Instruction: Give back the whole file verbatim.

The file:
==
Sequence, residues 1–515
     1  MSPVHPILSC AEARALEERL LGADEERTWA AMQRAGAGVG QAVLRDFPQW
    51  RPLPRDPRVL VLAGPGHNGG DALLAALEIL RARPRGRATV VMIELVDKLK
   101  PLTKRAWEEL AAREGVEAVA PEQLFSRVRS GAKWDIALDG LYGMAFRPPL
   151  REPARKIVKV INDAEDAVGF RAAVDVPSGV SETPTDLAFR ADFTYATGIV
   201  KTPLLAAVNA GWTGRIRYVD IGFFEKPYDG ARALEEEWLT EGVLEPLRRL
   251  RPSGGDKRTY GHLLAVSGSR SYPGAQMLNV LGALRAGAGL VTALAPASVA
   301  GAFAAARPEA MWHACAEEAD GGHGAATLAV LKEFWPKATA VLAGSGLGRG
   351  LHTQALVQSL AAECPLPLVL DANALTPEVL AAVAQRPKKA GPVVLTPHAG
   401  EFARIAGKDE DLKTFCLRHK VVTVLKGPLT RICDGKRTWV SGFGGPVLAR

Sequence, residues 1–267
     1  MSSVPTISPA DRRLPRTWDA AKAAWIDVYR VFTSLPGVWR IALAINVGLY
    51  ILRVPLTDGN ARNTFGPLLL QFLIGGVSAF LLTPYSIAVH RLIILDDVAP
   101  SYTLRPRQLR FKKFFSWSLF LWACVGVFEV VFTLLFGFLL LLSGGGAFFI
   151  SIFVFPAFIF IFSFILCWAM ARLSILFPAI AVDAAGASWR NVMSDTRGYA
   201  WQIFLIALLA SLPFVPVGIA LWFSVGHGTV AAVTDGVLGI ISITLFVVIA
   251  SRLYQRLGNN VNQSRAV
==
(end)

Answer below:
Sequence, residues 1–515
     1  MSPVHPILSC AEARALEERL LGADEERTWA AMQRAGAGVG QAVLRDFPQW
    51  RPLPRDPRVL VLAGPGHNGG DALLAALEIL RARPRGRATV VMIELVDKLK
   101  PLTKRAWEEL AAREGVEAVA PEQLFSRVRS GAKWDIALDG LYGMAFRPPL
   151  REPARKIVKV INDAEDAVGF RAAVDVPSGV SETPTDLAFR ADFTYATGIV
   201  KTPLLAAVNA GWTGRIRYVD IGFFEKPYDG ARALEEEWLT EGVLEPLRRL
   251  RPSGGDKRTY GHLLAVSGSR SYPGAQMLNV LGALRAGAGL VTALAPASVA
   301  GAFAAARPEA MWHACAEEAD GGHGAATLAV LKEFWPKATA VLAGSGLGRG
   351  LHTQALVQSL AAECPLPLVL DANALTPEVL AAVAQRPKKA GPVVLTPHAG
   401  EFARIAGKDE DLKTFCLRHK VVTVLKGPLT RICDGKRTWV SGFGGPVLAR

Sequence, residues 1–267
     1  MSSVPTISPA DRRLPRTWDA AKAAWIDVYR VFTSLPGVWR IALAINVGLY
    51  ILRVPLTDGN ARNTFGPLLL QFLIGGVSAF LLTPYSIAVH RLIILDDVAP
   101  SYTLRPRQLR FKKFFSWSLF LWACVGVFEV VFTLLFGFLL LLSGGGAFFI
   151  SIFVFPAFIF IFSFILCWAM ARLSILFPAI AVDAAGASWR NVMSDTRGYA
   201  WQIFLIALLA SLPFVPVGIA LWFSVGHGTV AAVTDGVLGI ISITLFVVIA
   251  SRLYQRLGNN VNQSRAV